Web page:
This year, because of our tiny apartment space, we can’t have a Christmas tree. It’s not really a big deal, but we’re just babies at this marriage thing, and we don’t own Christmas decorations or a good Christmas music collection, and I haven’t even gotten around to buying cookie cutters for Christmas cookie exchanges. Last year, our bitty little fake tree on the end table was our sole Christmas decoration, and I loved it for existing and proving to me that we are indeed our own little family, and that our apartment counted as a home, etc. Those silly newlywed sentiments really mean a lot when you’re away from your hometown and family for Christmas and have to create that reverent, beautiful atmosphere for yourself.
So, it’s silly, but I feel so blah in general this season, and I think I’m in denial about even trying to make our little place cheery or festive. And I’ll admit, I’m mostly excusing it because there’s no space to put even a miniature, child-sized tree anywhere in our apartment. (Until we get a dresser, I’m lucky if there’s a place for me to sit on the floor to stretch, even! I’m really going through a laundry basket phase in my decorating. Books are out, folks. Laundry is in.)
We’re less exhausted this year–Kevin’s job with normal hours makes me thankful, especially now that he’s passed the initial probation period and is a full-fledged employee! But other circumstances are colliding and some nights I feel really happy with myself if I manage to have cheese and crackers for dinner and write or read for an hour before succumbing to exhaustion and watching Doctor Who until one or both of us dozes off.
I’ve been in this season of “deconstruction” for about three years now. I’ve been processing my experiences in a spiritually abusive church, working through my turbulent transition from assuming courtship was The Way To Go to realizing how unhealthy and harmful that whole mindset is, and trying to reorient myself with a healthier understanding of key doctrines relating to grace and works, sanctification, personal holiness, fellowship, the purpose of church, gender roles, etc. It’s been a nonstop freight-train ride of uncovering stifled emotions and memories and questioning many, many things.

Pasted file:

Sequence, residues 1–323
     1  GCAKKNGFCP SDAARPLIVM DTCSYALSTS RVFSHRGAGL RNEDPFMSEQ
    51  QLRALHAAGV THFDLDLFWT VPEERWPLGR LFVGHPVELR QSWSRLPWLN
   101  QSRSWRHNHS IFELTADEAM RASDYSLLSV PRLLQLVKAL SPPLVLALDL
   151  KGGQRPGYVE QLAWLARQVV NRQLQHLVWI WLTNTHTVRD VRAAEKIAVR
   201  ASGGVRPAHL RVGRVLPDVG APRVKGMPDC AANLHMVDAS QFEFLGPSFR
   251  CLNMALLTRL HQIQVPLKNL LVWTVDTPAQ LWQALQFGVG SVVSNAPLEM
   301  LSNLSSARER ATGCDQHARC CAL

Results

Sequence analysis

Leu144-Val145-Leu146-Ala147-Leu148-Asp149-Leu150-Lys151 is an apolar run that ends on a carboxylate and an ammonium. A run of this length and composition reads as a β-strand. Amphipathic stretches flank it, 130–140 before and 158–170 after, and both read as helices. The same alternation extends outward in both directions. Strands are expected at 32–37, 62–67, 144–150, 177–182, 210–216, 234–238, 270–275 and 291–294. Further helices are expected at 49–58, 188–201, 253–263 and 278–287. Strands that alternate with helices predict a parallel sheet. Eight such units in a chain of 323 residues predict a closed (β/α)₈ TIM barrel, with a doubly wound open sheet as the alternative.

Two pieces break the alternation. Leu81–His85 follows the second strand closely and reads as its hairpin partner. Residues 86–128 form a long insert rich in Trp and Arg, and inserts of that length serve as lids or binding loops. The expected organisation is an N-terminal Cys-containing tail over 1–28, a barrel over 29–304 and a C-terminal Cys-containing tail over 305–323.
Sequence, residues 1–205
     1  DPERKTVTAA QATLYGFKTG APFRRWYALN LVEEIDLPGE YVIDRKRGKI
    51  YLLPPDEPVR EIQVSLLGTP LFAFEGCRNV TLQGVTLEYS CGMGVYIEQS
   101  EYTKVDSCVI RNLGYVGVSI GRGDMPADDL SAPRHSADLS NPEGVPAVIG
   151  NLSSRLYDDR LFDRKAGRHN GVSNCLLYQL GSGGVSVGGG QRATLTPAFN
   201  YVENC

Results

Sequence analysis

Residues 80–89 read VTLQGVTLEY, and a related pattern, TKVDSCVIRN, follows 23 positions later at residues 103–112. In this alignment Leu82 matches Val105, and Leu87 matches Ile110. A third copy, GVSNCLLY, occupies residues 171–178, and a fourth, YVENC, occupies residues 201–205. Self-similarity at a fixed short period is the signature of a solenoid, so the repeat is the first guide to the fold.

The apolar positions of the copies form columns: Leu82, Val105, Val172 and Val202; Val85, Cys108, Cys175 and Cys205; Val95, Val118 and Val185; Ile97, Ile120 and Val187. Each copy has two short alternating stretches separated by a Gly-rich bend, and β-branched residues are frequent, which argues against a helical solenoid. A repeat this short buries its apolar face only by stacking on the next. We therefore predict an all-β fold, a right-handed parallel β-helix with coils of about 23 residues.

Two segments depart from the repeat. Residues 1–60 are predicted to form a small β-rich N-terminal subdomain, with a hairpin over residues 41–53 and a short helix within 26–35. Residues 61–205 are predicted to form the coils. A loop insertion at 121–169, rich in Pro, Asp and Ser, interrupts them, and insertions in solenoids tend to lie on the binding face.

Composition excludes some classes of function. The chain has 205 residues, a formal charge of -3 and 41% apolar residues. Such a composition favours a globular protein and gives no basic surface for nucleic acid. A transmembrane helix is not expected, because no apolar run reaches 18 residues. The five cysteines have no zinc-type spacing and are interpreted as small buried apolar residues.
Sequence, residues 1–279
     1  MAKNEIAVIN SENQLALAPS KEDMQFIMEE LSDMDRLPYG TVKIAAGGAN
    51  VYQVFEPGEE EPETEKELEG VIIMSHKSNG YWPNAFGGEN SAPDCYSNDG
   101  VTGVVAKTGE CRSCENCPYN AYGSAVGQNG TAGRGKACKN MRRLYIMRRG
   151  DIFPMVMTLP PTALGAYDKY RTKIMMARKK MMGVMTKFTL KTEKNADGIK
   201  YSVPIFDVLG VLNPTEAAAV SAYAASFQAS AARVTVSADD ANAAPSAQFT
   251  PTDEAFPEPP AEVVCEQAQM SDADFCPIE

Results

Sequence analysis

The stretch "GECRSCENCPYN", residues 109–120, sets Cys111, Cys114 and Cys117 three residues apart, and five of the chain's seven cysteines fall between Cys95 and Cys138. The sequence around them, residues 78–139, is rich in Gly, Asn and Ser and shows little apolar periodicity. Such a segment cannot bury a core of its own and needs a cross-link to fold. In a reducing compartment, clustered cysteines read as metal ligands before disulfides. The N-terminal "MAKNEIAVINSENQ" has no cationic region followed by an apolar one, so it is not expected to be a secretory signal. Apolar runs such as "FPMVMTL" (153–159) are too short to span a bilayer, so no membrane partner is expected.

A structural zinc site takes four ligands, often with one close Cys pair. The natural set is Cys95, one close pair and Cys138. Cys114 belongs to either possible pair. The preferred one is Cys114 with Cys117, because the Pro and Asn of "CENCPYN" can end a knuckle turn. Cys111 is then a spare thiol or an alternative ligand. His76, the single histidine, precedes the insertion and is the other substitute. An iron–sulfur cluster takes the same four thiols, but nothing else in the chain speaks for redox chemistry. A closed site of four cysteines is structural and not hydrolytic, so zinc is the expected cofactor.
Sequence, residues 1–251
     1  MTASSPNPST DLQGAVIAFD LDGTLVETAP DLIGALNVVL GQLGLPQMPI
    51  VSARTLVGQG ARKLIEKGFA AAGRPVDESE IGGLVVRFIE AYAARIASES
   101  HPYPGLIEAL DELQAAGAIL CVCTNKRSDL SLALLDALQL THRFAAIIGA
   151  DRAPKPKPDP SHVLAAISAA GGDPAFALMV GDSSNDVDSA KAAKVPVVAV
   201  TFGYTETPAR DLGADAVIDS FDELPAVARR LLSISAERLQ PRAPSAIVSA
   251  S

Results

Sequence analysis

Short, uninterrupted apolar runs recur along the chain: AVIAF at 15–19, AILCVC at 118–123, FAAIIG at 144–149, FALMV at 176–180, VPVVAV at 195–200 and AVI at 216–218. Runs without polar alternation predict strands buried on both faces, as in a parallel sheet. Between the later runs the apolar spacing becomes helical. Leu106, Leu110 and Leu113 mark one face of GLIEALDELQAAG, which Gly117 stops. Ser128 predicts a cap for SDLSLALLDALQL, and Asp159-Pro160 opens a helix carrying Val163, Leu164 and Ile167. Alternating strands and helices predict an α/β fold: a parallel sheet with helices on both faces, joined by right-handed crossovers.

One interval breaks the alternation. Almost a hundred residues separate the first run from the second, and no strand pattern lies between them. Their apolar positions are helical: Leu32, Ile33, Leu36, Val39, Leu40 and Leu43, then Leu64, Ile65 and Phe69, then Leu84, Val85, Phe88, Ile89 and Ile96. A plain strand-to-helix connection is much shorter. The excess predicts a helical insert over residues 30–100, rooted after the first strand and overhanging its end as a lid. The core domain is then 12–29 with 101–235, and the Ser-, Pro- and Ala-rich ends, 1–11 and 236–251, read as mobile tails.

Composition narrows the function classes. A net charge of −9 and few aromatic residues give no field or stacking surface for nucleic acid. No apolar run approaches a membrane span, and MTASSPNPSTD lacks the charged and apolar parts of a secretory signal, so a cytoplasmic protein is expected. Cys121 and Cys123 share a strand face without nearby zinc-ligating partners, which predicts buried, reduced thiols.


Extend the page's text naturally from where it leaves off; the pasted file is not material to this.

But I think I’m starting to burn out. Recovery is hard, and processing the sheer volume of assumptions that I needed to re-evaluated and reconstruct has been exhausting. I’ve been highly analytical, and have ended up neglecting the emotional healing I needed just as badly.
I’m broken [there is a tender Savior who walks with me].
I’m emotionally stunted [he sends his Spirit to fill and renew].
I’m starting to come to a place where I think I’ve got a good understanding of what went wrong and why there are so many of us hurting in these same ways. But it’s exhausting to keep up with the constant critique of materials put out by the teachers and writers who influenced and hurt me, who hurt so many like me. It’s worth it, still, for those just starting to see hope and who are coming into grace and freedom in Jesus from legalism and manipulation and fear. But it can be too much to constantly wallow in it all.
So I’m going to admit that I can’t and shouldn’t do it all. That I need to step away and breathe deep and look around me. That I need to concentrate on finding and making beauty, rather than constantly analyzing.
I’m going to try to enjoy my little home, not avoid or deny that it is where I live this Christmas. I’m going to try to rest and enjoy being with my husband, rather than letting myself be overwhelmed and OCD about our time and money and relationships. I’m going to pull out my sketch book again. I’m going to listen to music again. I’m going to cook if I feel like it.
This is my Advent fast: I’m going to stop reading blogs and articles and essays and books. I’m going to rest my mind. I might read fairy tales or short stories or poetry, but that’s it. Nothing analytical. I’m not going to indulge in a Thomas Kinkade fantasy world, but I have been persuaded that my mind and heart need a break from thinking overtime.
Tonight I went for a walk with my sister-in-law, had pho with my brother, and went to church and made an Advent wreath. We lit the first candle and Kevin read the collect for the first Sunday in Advent. I hid all the wonderful deep-thinking books I’ve been working on reading, and I’m going to take this holy season to acknowledge my humanness and frailty and re-learn how to rest, to appreciate people and beauty, and worship by quieting my mind.
For Jesus is coming, and this is a holy time.